RMC plans fire audit of buildings

The move comes in the wake of last week’s Surat tragedy

By Our Correspondent in Ranchi
  • Published 29.05.19, 5:56 AM
  • Updated 29.05.19, 5:56 AM
  • 2 mins read
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Gopal Complex on Kutchery Road in Ranchi on Tuesday Picture by Prashant Mitra

The city corporation has asked all building owners to submit a report on fire-fighting systems installed, the move coming in the wake of last week’s Surat tragedy in which 22 students died after a blaze in the building housing their coaching centre.

“The order issued on Tuesday concerns two categories of buildings, ie, those with a minimum height of 15 meters and the other with total floor area 500 sq meter or more,” said Ranchi Municipal Corporation (RMC) town planner Manoj Kumar.

He said the RMC was interested to know whether buildings had completion and occupancy certificates.

“Once construction is complete, it is necessary for the owner or developer of a building to submit a report to the RMC which conducts an inspection, and if it is satisfied, issues a completion certificate. For people to move in, the building must have a an occupancy certificate. But often, builders and developers ignore these two post-construction processes,” Kumar said.

Kumar said an inspection team headed by him would start doing the rounds of buildings, probably from Wednesday, to look into fire-fighting and architectural arrangements.

“Teams of engineers are being formed to be dispatched in various localities. Our circular states clearly that in case of violations stringent action will be taken and the building sealed. We will also see whether no-objection certificates have been obtained from the fire department,” he said.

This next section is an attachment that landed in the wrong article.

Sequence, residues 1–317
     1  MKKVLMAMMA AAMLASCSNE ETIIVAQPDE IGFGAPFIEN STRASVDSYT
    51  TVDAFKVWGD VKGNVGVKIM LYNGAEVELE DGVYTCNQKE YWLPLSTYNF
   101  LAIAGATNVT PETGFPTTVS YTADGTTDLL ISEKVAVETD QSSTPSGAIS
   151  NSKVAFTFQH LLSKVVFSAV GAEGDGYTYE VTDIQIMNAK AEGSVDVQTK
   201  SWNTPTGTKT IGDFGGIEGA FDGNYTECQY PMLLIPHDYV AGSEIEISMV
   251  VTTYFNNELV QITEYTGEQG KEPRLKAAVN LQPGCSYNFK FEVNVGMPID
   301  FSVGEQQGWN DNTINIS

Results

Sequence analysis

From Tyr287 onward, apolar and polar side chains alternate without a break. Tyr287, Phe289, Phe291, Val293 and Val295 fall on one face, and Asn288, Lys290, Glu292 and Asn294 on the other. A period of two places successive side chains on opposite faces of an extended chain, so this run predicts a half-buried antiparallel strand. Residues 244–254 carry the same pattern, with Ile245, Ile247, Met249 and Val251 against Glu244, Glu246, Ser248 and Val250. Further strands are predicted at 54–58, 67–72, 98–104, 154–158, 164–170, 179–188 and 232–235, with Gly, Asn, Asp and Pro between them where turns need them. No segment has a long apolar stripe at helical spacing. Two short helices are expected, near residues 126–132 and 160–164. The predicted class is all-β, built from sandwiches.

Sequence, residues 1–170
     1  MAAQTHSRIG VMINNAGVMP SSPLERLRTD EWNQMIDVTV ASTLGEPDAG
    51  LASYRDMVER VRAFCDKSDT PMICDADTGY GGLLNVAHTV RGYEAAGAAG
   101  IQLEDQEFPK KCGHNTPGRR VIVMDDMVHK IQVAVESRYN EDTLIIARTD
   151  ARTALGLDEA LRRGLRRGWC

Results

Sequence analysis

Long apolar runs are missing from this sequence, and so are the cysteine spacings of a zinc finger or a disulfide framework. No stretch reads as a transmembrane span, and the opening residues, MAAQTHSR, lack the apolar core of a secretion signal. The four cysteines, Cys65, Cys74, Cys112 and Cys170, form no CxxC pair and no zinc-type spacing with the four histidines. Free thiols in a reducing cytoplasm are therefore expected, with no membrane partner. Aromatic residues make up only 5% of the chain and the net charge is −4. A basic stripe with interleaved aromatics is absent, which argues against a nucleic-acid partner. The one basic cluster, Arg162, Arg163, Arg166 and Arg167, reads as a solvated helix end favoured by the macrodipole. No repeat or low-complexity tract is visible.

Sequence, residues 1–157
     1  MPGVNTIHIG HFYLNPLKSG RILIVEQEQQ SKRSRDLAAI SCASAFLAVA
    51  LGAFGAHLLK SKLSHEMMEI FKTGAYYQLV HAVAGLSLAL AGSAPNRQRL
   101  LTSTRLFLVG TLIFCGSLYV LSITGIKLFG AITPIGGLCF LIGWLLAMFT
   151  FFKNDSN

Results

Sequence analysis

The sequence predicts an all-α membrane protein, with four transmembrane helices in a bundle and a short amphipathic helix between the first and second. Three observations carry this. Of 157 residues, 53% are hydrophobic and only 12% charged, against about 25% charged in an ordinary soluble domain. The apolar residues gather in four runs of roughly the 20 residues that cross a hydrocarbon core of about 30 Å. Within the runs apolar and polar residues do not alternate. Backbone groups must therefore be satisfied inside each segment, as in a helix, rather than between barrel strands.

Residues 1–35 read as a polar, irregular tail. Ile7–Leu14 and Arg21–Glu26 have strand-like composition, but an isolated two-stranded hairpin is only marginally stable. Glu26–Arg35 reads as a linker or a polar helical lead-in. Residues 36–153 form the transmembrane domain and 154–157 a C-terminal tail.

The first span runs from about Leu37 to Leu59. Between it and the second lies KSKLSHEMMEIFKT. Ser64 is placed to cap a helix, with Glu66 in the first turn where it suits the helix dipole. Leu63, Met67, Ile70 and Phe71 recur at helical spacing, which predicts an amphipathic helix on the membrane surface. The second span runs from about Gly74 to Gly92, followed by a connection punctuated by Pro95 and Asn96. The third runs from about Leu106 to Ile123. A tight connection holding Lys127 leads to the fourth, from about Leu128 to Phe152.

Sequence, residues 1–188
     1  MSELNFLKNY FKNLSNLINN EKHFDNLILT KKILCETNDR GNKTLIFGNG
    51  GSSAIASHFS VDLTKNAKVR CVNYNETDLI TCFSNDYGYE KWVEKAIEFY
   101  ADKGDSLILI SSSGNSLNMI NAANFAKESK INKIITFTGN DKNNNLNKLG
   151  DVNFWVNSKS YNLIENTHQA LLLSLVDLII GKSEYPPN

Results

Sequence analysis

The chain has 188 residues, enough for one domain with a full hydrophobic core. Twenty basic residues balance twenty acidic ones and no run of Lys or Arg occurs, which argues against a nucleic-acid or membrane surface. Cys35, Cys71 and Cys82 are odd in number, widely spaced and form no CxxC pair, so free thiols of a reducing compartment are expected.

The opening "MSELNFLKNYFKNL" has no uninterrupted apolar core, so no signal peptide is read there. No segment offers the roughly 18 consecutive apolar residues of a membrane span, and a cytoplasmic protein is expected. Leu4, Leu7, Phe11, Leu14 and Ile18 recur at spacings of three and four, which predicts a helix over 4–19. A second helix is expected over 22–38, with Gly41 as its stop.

The Telegraph had reported on Sunday about fire safety measures at a number of coaching centres in Ranchi (Surat lessons for coaching classes). Architecturally, most buildings did not appear emergency-friendly. Also, most buildings lacked a fire escape. The location of two coaching centres at a building in Club Road was such that a fire tender would find it tough to enter.

Kumar said the RMC order has two operative parts. One is on fire safety, while the other is related to the structure of buildings. A physical verification is being undertaken to see if buildings have the requisite number of fire extinguishers on each floor, whether these were of the right size and weight, and whether these were capable of dousing flames caused by electricity, oil, gas or combustible materials.

“On the engineering aspects, buildings must have a staircase and fire exits. Each floor must be equipped with a fire hydrant with provisions to store water in overhead and underground tanks. The fire hydrant must have an external point fire engines to tap into if required. The parking area of a building must have a sprinkler system,” he said.

While Kumar did not have an idea of the number of buildings in Ranchi, RMC sources claimed there were over 3,000 buildings of which barely 100 had occupancy rights.